I ended up re-doing a bit of my work from last week, as I learned in my meeting with Dan on Monday that our scope was a bit wider than I had previously thought. I was worried that I had not been considering certain entries in the various bibliographies to be “about Cædmon enough”, so I decided to go through the entries again and add some that I may have missed. It makes sense to add more rather than less, as I can simply remove an article from the list if I read it and realise it has nothing to do with Cædmon. At the moment our bibliography is almost complete, and we have nearly 700 entries!

What are we going to do with this giant list of articles and books? Well, firstly I have to acquire access to each entry, either via JSTOR, inter-library loans, or through one of our library’s other databases. Then I read through EVERYTHING and count each quote and mention of Cædmon and note which of the approximately sixty different editions of the Hymn are cited. We have also decided to try and note every other citation as well. For example if one article about “Cædmon’s Hymn” cites a book about the history of peanut butter sandwiches, I will take note of it, as there may be other pieces of Cædmon scholarship that also cite that book about the history of peanut butter sandwiches. It will be interesting to see if there are identifiable relationships between writing about Cædmon and seemingly unrelated topics – not peanut-butter-sandwich-history obviously, I just haven’t eaten breakfast yet so I am giving you a delicious example.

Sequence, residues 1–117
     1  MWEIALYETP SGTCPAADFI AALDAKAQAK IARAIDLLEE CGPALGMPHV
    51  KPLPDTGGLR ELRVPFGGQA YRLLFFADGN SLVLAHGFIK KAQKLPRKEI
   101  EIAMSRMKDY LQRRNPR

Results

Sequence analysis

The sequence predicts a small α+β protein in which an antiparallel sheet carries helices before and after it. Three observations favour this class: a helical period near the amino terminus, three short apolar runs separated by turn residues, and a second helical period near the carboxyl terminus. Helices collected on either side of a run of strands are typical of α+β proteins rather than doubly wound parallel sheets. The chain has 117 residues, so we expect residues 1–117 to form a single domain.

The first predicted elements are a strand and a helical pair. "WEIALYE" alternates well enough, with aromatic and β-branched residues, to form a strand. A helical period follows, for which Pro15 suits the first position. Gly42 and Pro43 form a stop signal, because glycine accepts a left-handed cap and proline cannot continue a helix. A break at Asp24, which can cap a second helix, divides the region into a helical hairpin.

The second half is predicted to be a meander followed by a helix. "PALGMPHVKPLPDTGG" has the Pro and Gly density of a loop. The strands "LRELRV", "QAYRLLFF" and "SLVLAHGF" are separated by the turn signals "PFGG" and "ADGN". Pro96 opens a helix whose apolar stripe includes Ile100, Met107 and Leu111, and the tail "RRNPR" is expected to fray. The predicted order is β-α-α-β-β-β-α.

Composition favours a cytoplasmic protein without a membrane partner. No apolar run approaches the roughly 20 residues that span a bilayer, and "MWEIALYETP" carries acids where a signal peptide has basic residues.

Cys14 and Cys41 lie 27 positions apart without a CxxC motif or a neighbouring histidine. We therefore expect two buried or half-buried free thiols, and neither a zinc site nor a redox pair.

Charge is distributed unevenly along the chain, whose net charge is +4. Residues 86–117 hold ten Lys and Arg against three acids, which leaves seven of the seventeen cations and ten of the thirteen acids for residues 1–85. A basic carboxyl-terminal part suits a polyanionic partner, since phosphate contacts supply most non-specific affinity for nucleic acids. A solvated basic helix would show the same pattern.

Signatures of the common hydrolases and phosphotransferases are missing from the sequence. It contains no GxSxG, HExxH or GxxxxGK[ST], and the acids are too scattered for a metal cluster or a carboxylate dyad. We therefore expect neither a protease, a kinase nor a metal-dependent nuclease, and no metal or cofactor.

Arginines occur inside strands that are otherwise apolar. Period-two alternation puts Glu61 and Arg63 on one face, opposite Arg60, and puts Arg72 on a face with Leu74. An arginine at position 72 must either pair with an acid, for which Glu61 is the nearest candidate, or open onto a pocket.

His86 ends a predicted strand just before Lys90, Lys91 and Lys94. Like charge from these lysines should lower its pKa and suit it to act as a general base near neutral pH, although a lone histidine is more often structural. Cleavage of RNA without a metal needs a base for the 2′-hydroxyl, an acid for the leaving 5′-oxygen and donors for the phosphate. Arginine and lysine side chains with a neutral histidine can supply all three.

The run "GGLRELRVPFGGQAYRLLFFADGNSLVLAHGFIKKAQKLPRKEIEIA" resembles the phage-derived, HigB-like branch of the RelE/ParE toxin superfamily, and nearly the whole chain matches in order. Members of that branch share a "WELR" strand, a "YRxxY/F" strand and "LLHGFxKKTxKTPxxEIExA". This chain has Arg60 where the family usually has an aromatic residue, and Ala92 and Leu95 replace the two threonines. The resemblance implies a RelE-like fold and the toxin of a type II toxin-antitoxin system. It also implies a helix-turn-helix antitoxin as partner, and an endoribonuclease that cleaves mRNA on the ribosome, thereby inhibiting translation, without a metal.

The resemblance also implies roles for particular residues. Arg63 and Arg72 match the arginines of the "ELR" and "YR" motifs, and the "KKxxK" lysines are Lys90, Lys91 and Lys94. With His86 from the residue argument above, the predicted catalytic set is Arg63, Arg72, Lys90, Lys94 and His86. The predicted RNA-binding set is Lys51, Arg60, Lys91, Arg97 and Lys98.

How am I going to keep track of all this? Good question! We will need a database that I can use to mark down each citation as I come across them in my reading. On Monday Dan and I discussed at length what we will need from this database, and how we would like it to work. At first we were hoping something on Google Forms would do the trick for us, however we discovered as we talked that we need more control over our information than this tool would allow.

One problem emerged when we realised that among our gigantic list of 700 articles (and books, etc) we would find certain works that were actually editions of the Hymn not included in our original list of editions. We would need a way to add this piece to the Editions list… Several other concerns were raised as well, but to be honest I am finding them difficult to explain without drawing you all a little picture. (I should ask Dan how to add images to these blog posts!)

I mentioned at some point that I would pick the brain of my boyfriend, Garret Johnson, who has his degree in Computer Science from the University of Lethbridge and is my go-to person whenever I have a question about these sorts of things. Dan suggested that he could hire Garret to build our database if he would be willing, as someone with a programming background could probably produce what we need a lot faster than either Dan or I working on it ourselves. So that is our current plan! Garret will begin building us a database that will suit our needs and my job for next week will be to start acquiring the 700 articles and books on our list. By the end of next week I am sure I will have thoroughly annoyed the librarians at school with the amount of inter-library loans I will be requesting.